DECIDING whether someone has to move into a residential care or nursing home is a very difficult and distressing life event.

It’s generally the last option to consider when living independently and safely in your own home is no longer possible.

Sometimes this can arise because of severe illness, frailty or dementia where care support in your own home is impractical or unable to meet care or medical needs on a 24/7 basis.

Ultimately, the local authority is under a statutory duty to carry out an appropriate needs assessment to work out the best solution for a person’s longer-term residential care requirements.

In practice, this process can become more challenging when someone owns heritable property that is lived in with other family members or is jointly owned.

The cost of care homes isn’t cheap. The average cost for residential care in the UK is £704 per week; while a nursing home is typically charged at £888 each week. In Scotland, free personal care is funded by the state but that excludes the cost of residential accommodation. The free personal care allowance helps reduce the weekly cost of residential care.

The starting point for charging arises from section 22 of the 1948 National Assistance Act. There is a legal obligation on a person to pay for their full costs of care accommodation unless he or she can satisfy the local authority they are unable to do so.

The local council will undertake a financial assessment. Savings over £18,000 and up to £28,750 are permitted but result in a weekly tariff. So, if you had £20,000 savings this would result in an extra charge of £8 per week. Savings over £28,750 and a person becomes fully self-funding and must meet all of their costs.

A person with no assets and a state pension and pension credit guarantee would pay a weekly contribution of £147.80 per week to the cost of residential care.

Their retirement income would be £177.10, but the rules allow £29.30 to be retained as a personal weekly allowance.

Glasgow City Council has a helpful leaflet that explains all of the relevant rules, which also links to Scottish Government guidance, here:

The 1992 National Assistance (Assessment of Resources) Regulations set out mandatory circumstances where a council must disregard the value of someone’s family home, and where they have discretion to do so, in determining a weekly contribution.

Generally, the value of someone’s property is treated as capital or notional capital for the purpose of assessing their contribution to the cost of residential care.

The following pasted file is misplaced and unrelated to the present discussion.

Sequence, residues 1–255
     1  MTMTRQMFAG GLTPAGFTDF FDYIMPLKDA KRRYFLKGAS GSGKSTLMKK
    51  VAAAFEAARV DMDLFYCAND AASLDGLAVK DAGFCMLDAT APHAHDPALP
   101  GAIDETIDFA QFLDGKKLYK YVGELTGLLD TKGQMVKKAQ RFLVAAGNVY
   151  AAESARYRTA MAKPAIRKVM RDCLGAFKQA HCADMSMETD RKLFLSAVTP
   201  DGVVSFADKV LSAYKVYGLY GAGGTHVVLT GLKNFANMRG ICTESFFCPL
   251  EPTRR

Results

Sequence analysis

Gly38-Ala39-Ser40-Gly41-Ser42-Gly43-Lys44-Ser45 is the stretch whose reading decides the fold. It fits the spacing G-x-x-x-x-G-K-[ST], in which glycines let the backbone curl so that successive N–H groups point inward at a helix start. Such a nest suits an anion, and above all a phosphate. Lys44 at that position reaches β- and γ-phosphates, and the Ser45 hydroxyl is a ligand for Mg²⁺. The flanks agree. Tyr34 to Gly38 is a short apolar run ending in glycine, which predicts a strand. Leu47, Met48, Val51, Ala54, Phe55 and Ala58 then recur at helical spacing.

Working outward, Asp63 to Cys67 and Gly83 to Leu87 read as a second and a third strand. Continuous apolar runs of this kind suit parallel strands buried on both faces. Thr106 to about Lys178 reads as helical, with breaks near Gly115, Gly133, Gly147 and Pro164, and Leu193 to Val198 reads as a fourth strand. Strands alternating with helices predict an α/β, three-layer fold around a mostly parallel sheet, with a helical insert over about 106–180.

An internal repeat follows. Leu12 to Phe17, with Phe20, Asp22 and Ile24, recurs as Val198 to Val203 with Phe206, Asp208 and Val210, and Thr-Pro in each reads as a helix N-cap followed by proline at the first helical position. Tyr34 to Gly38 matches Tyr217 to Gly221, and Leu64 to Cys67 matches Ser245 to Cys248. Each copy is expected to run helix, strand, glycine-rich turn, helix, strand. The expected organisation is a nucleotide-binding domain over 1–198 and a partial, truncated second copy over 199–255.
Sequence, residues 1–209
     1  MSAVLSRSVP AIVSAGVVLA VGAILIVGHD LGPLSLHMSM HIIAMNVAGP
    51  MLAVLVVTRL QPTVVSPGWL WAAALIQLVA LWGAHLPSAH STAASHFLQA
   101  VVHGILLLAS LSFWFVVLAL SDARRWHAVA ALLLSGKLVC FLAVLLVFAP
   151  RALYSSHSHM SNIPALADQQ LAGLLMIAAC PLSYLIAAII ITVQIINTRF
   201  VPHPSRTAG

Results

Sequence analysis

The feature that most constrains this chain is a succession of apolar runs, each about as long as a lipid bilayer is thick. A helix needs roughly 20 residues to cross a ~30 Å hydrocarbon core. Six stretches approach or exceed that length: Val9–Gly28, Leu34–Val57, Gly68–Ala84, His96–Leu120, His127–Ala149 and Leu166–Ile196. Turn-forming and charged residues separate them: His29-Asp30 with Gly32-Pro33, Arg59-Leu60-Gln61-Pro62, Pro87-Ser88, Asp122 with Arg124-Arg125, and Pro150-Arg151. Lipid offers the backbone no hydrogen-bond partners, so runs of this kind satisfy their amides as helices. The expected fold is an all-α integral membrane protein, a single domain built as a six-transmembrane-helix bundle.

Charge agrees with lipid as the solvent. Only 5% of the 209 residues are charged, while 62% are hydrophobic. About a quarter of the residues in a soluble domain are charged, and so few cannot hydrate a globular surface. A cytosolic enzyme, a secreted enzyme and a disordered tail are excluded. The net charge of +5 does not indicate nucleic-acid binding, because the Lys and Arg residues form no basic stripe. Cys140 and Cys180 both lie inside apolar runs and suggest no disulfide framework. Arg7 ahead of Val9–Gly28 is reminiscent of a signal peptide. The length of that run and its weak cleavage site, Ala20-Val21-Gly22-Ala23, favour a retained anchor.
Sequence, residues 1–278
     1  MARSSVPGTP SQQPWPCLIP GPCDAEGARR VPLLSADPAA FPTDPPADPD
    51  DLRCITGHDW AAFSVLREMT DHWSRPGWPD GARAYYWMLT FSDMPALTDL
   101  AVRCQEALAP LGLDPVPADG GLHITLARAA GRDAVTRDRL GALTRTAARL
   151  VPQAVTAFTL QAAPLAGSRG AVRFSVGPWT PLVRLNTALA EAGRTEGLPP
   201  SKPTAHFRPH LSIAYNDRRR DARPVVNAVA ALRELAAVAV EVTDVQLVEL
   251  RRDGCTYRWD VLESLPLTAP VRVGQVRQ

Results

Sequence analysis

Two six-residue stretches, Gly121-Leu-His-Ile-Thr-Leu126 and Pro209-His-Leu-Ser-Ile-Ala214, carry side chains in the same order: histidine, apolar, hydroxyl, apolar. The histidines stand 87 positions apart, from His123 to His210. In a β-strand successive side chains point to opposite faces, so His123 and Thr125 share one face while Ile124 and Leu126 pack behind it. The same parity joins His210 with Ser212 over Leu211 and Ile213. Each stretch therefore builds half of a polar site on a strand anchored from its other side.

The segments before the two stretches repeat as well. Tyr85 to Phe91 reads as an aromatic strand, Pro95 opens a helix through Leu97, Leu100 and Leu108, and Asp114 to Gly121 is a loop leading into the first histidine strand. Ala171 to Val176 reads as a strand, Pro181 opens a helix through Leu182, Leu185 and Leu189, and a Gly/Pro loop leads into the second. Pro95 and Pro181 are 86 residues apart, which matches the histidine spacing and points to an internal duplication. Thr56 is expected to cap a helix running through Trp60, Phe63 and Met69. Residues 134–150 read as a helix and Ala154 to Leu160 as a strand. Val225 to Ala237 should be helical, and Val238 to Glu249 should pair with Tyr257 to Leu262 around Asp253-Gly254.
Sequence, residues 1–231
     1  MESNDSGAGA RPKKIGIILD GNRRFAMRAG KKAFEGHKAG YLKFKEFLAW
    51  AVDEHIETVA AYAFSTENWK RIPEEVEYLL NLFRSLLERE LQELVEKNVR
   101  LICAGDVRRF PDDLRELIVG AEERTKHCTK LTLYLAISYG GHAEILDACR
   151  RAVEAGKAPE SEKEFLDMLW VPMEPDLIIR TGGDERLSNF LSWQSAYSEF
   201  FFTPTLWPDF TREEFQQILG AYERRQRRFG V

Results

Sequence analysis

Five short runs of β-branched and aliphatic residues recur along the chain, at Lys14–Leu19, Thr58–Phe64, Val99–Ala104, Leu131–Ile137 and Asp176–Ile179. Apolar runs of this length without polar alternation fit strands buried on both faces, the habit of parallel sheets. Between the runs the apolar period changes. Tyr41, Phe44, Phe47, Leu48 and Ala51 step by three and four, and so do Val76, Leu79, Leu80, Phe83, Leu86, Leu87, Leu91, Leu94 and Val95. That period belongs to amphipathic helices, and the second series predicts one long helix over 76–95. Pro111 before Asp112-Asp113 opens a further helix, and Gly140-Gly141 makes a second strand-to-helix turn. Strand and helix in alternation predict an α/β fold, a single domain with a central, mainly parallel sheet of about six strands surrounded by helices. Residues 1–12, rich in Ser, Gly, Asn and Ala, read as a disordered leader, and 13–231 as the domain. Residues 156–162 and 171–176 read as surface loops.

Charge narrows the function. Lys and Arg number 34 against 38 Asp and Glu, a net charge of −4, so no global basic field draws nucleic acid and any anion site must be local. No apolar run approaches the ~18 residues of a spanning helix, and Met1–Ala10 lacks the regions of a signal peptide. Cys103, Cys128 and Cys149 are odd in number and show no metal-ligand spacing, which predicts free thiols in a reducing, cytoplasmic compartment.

Where a person goes into care but either their partner, family member aged 60 or over, a person who is incapacitated, or a dependent child reside in their property, the 1992 rules require the council to disregard the value of that property.

The rules don’t define “incapacitated” but Scottish Government guidance advise this should include anyone in the family home who’s in receipt of (or eligible for) certain disability benefits. For those not eligible for a property disregard there may be the possibility of a deferred payment agreement. These were introduced in Scotland in 2002 for those in residential care unable or unwilling to sell their home. In effect some care costs are secured by the council taking a mortgage over the property.

Where someone disposes their family home within six months of going into care – for examples gifts the house to a family member – the local authority is empowered to pursue the family member for the value of that transfer.

The test is whether the transfer of property was to avoid paying charges for care accommodation. The Sheriff Appeal Court recently upheld in Argyll and Bute v. Gordon that such claims can be defended in the sheriff court. They will turn on the facts.

Local authorities have wide powers under the 1992 rules to treat a transfer of property as being a deprivation of capital to avoid paying for care fees. This means the person going in care is still treated as having the value of their property as “notional capital”.

In Yule v. South Lanarkshire Council, a person had granted her granddaughter the title to her home for free if she were to die or go into a care home. This is known as “liferent and fee”.

Scotland highest civil court held that the local authority was entitled to reach an inference that this was a deprivation of capital to avoid paying care home fees.

The courts have taken different approaches in other cases. In Cunningham v. East Lothian, a similar arrangement to Yule was treated differently as a great grandson had paid the mortgage.

The law can be complicated here, so if in doubt please seek out advice from a solicitor.